Words and Pics: Rich Norman

It’s always curious reviewing Crye gear because good or bad, people will buy it regardless.

However, ignoring the cool factor, for me Crye’s product range is a mixed bag of stellar, sub-optimal, and those products which fall somewhere between the two.

The AVS Detachable Flap M4 is firmly in the latter category in that it’s OK; its main recommendation being that it is AVS and JPC 2.0 compatible – two stellar plate carriers.

In this review I’m going to refer to it as the Triple, because it’s less of a mouthful.

As my shorthand suggests, this is a triple M4 mag carrier. It exhibits Velcro flaps and is AVS and JPC 2.0 compatible – as mentioned above.

Being part of the AVS ecosystem elevates its status remarkably. The AVS is still regarded by many as the best plate carrier out there, despite stiff competition from more modern PCs.

I want to say the Triple is optimised for mags with Ranger Plates or similar; and that’s a drawback if you don’t use Ranger Plates.

The reason for this is because the pouches are deep, with high cut loop Velcro which minimises the user’s grip on the mag. Mags without Ranger Plates just don’t have the required height.

However, it is relatively easy to draw a mag with a Ranger Plate in situ.

I’ve seen users get around this problem – sans Ranger Plates – by trimming the loop Velcro level with the top of the pouch. So all is not lost if you’re OK modding the Triple.

In the pic above I’ve dispensed with the flaps, tucking them inside the pouches to create a shingle. This versatility is a nice to have.

Retention is good and is applied using elastic. This stretches-out if mags are kept in the Triple for a prolonged period. This makes reindexing easier but retention remains adequate.

The Triple exhibits loops at the top of each pouch. These are meant for bungee retention, but I don’t think this method is useful for retaining mags in this implementation.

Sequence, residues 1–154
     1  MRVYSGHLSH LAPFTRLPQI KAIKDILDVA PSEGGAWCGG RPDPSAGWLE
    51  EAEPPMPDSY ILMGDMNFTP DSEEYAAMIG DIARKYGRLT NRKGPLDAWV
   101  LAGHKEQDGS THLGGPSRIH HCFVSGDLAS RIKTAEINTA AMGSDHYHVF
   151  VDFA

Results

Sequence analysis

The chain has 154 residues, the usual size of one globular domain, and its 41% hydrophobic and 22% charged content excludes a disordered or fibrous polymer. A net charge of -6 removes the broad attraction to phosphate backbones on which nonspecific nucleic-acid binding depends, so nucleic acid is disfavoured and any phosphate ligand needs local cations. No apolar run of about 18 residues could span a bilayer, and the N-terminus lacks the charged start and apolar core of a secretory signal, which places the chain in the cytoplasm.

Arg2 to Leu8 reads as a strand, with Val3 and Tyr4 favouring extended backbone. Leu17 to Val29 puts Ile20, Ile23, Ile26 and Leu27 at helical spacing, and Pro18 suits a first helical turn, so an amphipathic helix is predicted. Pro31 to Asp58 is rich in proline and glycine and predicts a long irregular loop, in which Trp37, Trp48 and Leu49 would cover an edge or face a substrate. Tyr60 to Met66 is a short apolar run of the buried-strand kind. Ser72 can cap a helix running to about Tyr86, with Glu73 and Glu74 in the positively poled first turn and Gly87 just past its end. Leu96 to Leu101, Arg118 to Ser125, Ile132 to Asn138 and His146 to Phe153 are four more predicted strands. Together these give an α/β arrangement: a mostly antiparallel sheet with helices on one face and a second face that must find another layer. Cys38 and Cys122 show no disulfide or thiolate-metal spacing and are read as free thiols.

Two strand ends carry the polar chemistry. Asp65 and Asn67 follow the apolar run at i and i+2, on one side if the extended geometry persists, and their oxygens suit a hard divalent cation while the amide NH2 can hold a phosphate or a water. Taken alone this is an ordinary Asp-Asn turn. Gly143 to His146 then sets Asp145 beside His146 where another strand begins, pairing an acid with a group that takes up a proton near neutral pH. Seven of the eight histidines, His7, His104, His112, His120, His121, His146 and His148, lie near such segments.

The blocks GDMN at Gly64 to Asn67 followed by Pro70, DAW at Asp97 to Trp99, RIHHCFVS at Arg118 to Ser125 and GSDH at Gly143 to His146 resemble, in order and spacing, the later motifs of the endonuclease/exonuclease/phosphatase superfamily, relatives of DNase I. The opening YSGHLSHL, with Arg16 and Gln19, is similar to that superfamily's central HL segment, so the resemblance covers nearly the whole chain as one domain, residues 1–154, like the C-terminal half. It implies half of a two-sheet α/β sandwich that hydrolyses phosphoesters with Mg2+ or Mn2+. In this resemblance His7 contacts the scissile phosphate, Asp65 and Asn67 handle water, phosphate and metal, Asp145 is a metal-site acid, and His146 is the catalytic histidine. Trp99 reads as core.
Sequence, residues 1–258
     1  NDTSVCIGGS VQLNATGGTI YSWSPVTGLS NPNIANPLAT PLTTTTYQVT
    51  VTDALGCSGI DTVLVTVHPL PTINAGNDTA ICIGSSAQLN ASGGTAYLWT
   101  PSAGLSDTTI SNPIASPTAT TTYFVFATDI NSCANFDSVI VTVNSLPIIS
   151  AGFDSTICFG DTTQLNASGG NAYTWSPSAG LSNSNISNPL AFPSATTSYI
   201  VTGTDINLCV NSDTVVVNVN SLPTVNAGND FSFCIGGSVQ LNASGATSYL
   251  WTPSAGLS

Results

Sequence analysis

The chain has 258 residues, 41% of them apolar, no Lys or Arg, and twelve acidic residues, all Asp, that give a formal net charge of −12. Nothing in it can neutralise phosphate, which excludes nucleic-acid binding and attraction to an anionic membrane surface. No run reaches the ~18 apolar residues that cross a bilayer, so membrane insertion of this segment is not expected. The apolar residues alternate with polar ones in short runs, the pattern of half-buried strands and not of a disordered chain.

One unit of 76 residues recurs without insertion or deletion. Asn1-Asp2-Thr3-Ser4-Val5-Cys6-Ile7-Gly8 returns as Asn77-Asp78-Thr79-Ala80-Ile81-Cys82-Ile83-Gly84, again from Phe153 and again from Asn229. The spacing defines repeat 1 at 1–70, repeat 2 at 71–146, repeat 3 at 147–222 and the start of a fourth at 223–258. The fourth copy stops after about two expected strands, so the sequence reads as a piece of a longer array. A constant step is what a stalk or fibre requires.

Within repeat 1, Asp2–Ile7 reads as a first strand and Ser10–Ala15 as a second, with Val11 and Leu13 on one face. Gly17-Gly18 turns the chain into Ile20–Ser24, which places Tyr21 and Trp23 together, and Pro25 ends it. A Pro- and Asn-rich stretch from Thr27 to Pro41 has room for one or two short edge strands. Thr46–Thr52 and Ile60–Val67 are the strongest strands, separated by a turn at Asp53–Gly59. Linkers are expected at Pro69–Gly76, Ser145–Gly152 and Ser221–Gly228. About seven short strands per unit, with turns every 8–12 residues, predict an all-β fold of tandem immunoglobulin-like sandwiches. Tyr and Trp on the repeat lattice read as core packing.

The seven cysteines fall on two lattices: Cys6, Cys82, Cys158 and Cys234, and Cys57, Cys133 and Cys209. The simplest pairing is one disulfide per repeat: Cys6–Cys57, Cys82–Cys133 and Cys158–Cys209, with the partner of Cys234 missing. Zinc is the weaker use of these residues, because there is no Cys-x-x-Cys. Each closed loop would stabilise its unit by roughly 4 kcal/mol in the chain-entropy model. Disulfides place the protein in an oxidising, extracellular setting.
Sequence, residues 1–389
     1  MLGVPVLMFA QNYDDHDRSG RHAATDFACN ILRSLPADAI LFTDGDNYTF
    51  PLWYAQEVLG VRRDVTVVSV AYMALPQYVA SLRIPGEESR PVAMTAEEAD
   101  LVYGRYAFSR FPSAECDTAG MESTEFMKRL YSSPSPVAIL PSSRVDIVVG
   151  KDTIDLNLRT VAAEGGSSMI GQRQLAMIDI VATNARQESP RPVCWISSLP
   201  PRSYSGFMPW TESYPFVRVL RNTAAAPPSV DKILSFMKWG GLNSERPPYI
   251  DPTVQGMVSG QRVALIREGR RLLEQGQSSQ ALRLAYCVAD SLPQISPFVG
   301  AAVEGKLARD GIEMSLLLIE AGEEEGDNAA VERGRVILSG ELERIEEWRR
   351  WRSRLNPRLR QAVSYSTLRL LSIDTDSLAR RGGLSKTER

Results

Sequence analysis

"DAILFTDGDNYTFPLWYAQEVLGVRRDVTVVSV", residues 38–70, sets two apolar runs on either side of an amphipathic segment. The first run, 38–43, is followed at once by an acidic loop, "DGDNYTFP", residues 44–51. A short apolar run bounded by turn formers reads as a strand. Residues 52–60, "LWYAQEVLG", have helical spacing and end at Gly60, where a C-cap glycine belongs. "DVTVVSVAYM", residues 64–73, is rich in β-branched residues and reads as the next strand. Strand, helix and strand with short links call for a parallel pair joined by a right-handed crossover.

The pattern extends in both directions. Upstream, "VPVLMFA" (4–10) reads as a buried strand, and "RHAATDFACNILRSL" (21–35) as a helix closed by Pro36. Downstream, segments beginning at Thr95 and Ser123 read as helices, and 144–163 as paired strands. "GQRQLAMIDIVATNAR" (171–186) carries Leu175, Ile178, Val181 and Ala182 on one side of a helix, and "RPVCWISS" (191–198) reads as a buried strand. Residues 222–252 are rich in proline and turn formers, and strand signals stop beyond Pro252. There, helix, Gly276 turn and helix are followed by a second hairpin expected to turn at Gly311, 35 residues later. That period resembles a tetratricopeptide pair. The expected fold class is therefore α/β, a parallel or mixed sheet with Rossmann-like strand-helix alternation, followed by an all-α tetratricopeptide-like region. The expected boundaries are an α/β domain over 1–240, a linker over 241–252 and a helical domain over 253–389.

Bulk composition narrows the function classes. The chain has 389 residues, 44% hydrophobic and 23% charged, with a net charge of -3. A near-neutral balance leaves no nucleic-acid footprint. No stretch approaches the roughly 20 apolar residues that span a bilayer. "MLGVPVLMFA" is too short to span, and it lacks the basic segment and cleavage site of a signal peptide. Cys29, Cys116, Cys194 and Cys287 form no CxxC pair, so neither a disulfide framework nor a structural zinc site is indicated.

For the system to work, the item stored needs to be considerably taller than an M4 mag – even with a Ranger Plate. The pouches are way too deep otherwise.

Interestingly Crye shows this method in one of its PDFs but doesn’t show a mag in situ (perhaps because it doesn’t work very well).

But wait, there are more details…and useful ones at that.

Webbing reinforcements at the apex of each flap (high wear areas):

Tactile tube within the tip of each flap:

And…a pen holder?

No, it’s an attachment point for a QD buckle:

E.g.

So, while the Triple isn’t a genuinely exciting proposition per se, it does have its moments.

I think what I like most about it is something that’s a feature of all Crye mag pouches: the long, blunt triangle of the flap – a feature I believe is ‘borrowed’ from Australia’s SORD. Even the original Crye 330D mag pouches which were OEM’d by Eagle Industries have this feature.

Not only is it iconic, but it’s practical too. Most pouch manufacturers don’t take Ranger Plates into consideration when deciding the length of the mag flap, but Crye does.

Want more Crye reviews? You can find a whole list of them here. The list is updated as more reviews are published.

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